Non-profit accounting, also known as fund accounting, refers to the specific system of financial record keeping and reporting that non-profit organizations use. Unlike for-profit businesses, non-profit organizations are not focused on increasing shareholder value but rather on achieving their mission and ensuring their financial sustainability.
Here are some key elements that differentiate non-profit accounting:
- Fund Accounting: Non-profit organizations often use a method called fund accounting. This involves tracking and reporting on different pools of money, or “funds,” that are each designated for specific purposes. These funds can be restricted (the donor specifies how the money should be used) or unrestricted (the organization can use the money as it sees fit).
- Focus on Accountability: Non-profit accounting is focused on accountability rather than profitability. Non-profit organizations must demonstrate that they are using their resources effectively to fulfill their mission and meet the expectations of their donors, members, and the public.
- Different Financial Statements: Non-profit organizations produce different financial statements compared to for-profit entities. Instead of a balance sheet, they produce a “statement of financial position.” Instead of an income statement, they produce a “statement of activities” that shows changes in their net assets. They also produce a “statement of cash flows” and a “statement of functional expenses,” which shows how expenses were allocated between program services and supporting services.
- Tax-Exempt Status: Non-profit organizations are often exempt from income taxes, but they must meet certain requirements to maintain this status. They must demonstrate that they are operating primarily to further their charitable, educational, scientific, religious, or other tax-exempt purpose. They must also follow specific rules about what types of income they can earn and how they can use their funds.
Non-profit accounting can be complex and requires a good understanding of the unique rules and principles that apply to non-profit organizations. This is why many non-profits hire accountants who specialize in this area or use specific non-profit accounting software.
Example of Non-Profit Accounting
Let’s consider a hypothetical example of a non-profit organization called “City Library Foundation,” which receives funds from different sources and uses them for specific purposes.
- Fund Accounting: The City Library Foundation receives a $1 million donation from a benefactor who specifies that the money should be used only for buying new books. This is a restricted fund. The organization also receives $500,000 from various small donors who do not specify a use for their donations. This is an unrestricted fund. The organization must track and report these two funds separately to ensure the restricted fund is used as intended.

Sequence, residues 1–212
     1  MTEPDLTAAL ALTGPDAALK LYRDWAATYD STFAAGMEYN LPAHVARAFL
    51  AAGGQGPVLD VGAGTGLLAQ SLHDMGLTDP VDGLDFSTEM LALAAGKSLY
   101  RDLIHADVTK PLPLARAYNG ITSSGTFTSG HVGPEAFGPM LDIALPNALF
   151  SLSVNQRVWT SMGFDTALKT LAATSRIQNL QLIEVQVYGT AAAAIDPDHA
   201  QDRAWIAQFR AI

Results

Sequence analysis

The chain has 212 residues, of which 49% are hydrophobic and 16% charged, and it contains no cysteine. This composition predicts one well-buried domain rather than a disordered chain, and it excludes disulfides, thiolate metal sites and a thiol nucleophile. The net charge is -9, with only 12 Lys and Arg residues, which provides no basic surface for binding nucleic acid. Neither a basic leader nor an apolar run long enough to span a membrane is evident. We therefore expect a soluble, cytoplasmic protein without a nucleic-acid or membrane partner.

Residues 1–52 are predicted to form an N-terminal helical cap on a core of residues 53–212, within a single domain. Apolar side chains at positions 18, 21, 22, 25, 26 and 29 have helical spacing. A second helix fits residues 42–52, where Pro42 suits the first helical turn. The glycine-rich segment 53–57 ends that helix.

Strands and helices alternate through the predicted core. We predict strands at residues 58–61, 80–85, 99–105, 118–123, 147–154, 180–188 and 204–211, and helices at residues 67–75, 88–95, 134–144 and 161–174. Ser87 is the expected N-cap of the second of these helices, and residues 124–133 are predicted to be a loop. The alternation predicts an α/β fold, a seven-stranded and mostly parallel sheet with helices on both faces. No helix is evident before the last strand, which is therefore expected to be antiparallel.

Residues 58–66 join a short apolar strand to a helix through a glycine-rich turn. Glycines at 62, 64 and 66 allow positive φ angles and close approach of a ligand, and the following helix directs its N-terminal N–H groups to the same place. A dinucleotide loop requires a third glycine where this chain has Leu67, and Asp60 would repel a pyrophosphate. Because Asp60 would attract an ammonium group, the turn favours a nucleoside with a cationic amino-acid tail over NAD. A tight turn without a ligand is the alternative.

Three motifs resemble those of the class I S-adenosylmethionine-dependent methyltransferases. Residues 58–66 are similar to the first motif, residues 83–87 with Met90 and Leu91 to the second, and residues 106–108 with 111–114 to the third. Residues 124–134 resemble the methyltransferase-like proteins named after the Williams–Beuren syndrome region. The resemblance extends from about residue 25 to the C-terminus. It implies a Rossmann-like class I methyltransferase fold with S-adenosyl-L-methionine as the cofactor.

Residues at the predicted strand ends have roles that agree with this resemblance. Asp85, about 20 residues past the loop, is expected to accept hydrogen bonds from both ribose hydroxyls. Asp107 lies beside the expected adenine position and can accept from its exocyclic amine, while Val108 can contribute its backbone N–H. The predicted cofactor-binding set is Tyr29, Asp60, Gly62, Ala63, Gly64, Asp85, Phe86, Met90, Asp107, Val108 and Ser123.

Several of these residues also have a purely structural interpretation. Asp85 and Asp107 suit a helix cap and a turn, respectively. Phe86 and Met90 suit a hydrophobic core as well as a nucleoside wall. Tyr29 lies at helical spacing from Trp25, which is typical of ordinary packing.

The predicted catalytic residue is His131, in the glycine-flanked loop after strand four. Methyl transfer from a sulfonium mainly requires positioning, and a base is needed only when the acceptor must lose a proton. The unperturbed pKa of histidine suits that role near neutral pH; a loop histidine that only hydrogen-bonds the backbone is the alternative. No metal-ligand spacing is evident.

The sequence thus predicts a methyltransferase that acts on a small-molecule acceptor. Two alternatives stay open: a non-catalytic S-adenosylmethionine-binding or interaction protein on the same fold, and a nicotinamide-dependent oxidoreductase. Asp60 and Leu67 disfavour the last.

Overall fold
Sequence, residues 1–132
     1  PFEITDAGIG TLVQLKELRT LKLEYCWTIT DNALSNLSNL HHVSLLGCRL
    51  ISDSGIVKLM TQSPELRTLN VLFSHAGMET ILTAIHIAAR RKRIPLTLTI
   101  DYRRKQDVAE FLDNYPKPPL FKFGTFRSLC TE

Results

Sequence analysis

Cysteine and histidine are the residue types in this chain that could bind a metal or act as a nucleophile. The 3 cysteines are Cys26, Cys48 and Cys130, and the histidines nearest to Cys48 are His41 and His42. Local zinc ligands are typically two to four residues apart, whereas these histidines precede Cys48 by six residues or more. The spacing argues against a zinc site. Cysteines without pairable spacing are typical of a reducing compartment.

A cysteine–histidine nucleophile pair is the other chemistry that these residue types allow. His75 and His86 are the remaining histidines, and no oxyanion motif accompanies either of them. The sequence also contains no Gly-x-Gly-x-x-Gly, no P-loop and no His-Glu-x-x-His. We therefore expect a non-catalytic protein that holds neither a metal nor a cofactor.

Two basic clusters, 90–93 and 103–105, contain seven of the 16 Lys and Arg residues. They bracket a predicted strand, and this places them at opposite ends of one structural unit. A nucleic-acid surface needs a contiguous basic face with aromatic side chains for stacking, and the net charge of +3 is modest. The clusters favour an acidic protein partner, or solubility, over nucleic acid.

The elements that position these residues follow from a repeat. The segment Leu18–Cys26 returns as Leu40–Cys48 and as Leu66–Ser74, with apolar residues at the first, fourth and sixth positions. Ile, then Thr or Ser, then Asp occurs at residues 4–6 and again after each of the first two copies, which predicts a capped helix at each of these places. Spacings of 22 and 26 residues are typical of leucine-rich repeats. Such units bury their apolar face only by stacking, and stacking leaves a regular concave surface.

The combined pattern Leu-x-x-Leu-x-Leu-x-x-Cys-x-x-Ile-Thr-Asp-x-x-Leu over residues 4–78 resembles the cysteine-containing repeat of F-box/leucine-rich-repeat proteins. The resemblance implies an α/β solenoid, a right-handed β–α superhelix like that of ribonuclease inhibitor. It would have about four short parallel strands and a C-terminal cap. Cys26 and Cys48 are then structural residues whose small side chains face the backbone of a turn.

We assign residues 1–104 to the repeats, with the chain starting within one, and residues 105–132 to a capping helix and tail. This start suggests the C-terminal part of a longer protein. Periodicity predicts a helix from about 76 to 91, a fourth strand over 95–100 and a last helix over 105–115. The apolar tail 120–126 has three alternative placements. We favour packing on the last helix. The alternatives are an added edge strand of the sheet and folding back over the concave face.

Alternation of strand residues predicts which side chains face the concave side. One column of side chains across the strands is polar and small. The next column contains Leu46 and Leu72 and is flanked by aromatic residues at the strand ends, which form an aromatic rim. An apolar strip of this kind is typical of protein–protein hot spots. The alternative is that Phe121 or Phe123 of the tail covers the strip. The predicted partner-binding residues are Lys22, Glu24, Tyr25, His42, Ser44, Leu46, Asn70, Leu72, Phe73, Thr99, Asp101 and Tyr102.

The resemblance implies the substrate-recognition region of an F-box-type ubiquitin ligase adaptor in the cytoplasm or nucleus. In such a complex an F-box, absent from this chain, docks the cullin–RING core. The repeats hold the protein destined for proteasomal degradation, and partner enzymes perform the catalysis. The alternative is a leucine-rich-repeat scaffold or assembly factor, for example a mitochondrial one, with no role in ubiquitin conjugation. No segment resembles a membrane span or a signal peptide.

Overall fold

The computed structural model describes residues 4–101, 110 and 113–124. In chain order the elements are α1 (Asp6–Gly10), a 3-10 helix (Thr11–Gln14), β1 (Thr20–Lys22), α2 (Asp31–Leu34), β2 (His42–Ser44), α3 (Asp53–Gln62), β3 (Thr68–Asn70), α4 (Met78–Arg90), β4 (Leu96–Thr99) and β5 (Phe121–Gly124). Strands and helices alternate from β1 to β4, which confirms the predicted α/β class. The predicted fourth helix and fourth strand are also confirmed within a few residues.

- Focus on Accountability: The City Library Foundation needs to show that it’s using its resources efficiently. It could do this by tracking metrics like the number of books purchased per dollar or the number of library visitors served per dollar.
- Different Financial Statements: The City Library Foundation will produce a statement of financial position showing its assets (like cash, investments, and books) and liabilities (like unpaid bills). It will also produce a statement of activities showing changes in its net assets over the year. This might include income from donations and expenses for buying books and running the library.
- Tax-Exempt Status: The City Library Foundation operates primarily to promote literacy and education, which are tax-exempt purposes. Therefore, it does not pay income taxes. However, it must follow rules about how it uses its funds. For example, it cannot distribute profits to individuals or engage in certain types of political activity.
To manage these accounting requirements, the City Library Foundation may hire a specialized non-profit accountant or use non-profit accounting software. This ensures the organization maintains its financial integrity and tax-exempt status, meets donor expectations, and efficiently pursues its mission of promoting literacy and education.